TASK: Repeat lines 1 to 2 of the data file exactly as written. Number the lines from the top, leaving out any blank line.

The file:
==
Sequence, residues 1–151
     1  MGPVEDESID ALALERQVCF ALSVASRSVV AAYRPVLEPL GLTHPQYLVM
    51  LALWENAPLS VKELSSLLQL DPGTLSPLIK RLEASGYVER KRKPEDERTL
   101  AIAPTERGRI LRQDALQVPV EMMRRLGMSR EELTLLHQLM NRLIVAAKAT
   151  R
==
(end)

Sequence, residues 1–151
     1  MGPVEDESID ALALERQVCF ALSVASRSVV AAYRPVLEPL GLTHPQYLVM